03. Jul 2019
Total has announced that production of biofuels has commenced at the La Mède biorefinery in the southeast of France. This is the final step in the company’s €275m project that kicked off in 2015, with as aim the conversion of a former oil refinery into a new energies complex.
The La Mède complex now encompasses:
A biorefinery with a capacity of 500,000 tonnes of biofuel per year.
An 8-megawatt solar farm that can supply 13,000 people.
A unit to produce 50,000 cubic meters per year of AdBlue®, an additive that reduces nitrogen oxide emissions from trucks.
A logistics and storage hub with a capacity of 1.3 million cubic meters per year.
A training center offering real facilities and able to host 2,500 learners a year.
The biorefinery can produce 500,000 tonnes of hydrotreated vegetable oil (HVO), a premium biofuel. La Mède will produce both biodiesel and biojet fuel for the aviation industry. It was specifically designed to process all types of oil. Its biofuels will be made:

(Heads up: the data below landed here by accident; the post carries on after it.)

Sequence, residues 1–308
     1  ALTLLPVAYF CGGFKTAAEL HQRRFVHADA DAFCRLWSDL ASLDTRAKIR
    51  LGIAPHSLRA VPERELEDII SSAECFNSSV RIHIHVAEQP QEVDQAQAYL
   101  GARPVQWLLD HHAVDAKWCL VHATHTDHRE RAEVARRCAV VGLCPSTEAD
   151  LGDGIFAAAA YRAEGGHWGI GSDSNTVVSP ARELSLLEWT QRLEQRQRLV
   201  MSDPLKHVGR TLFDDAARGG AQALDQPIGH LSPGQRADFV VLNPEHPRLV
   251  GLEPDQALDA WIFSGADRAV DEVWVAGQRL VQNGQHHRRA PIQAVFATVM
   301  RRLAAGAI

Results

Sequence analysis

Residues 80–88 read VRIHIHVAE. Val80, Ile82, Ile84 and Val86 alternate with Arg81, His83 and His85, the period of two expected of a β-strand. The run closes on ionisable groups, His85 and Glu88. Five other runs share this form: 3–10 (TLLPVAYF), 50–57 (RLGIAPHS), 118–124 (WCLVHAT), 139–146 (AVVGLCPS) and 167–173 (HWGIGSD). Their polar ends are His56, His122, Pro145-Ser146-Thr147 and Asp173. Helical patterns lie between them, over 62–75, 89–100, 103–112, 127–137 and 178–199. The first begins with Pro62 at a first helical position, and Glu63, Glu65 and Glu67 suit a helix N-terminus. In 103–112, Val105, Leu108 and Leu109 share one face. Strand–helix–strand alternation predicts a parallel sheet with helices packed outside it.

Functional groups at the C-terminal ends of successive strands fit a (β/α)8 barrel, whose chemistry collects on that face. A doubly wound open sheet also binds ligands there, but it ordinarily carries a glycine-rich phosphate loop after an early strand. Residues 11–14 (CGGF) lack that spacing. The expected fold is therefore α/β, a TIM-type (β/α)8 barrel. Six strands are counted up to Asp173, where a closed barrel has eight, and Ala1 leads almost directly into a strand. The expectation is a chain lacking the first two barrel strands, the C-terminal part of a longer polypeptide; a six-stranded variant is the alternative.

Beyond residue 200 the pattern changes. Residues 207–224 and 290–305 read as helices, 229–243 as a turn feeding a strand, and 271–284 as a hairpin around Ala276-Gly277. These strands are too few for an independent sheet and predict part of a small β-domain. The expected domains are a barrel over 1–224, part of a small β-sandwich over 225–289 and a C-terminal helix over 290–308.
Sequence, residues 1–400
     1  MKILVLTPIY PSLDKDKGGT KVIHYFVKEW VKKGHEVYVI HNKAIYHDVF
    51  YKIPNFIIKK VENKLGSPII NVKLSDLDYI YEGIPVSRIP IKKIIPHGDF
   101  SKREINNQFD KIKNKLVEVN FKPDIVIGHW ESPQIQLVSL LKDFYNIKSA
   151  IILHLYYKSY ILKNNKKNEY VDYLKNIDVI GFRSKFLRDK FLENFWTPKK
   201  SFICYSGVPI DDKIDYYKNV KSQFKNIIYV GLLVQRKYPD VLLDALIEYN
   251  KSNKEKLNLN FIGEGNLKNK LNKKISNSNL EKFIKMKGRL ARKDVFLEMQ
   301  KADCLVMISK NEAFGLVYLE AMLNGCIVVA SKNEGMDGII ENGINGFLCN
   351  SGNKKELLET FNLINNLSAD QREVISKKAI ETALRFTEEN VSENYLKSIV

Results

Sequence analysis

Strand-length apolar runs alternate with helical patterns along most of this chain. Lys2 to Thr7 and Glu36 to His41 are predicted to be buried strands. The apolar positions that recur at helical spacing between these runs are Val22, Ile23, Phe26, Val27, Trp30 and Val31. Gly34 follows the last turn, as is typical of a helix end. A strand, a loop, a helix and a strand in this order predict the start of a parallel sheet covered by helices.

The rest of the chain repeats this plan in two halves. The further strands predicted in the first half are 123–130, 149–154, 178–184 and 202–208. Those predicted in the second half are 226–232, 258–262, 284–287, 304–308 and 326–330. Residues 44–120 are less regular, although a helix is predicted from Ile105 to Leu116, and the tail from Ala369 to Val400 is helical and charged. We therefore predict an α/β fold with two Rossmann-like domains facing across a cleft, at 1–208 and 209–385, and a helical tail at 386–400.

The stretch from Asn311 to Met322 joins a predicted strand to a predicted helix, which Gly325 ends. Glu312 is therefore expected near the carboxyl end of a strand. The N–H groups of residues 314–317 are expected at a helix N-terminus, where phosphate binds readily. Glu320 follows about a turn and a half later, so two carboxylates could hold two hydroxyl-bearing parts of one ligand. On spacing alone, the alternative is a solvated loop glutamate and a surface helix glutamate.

60 to 70% from 100% sustainable vegetable oils (rapeseed, palm, sunflower, etc.).
30 to 40% from treated waste (animal fats, cooking oil, residues, etc.) to promote a circular economy.
As part of an agreement with the Government in May 2018, Total has pledged to process no more than 300,000 tonnes of palm oil per year — less than 50% of the total volume of raw materials needed — and at least 50,000 tonnes of French-grown rapeseed, creating another market for domestic agriculture.
All the oils processed will be certified sustainable to European Union standards. In addition, as part of its palm oil procurement process, Total is taking an extra step by introducing strengthened control of sustainability and respect for Human Rights.
“I’d like to thank the teams for all their hard work these last four years to convert our La Mède refinery,” said Bernard Pinatel, President, Refining & Chemicals. “Biofuels are fully renewable and an immediately available solution to cut carbon emissions from ground and air transportation. When produced from sustainable raw materials, as at La Mède, they emit over 50% less carbon than fossil fuels. Our biorefinery will allow us to make biofuels in France that were previously imported.”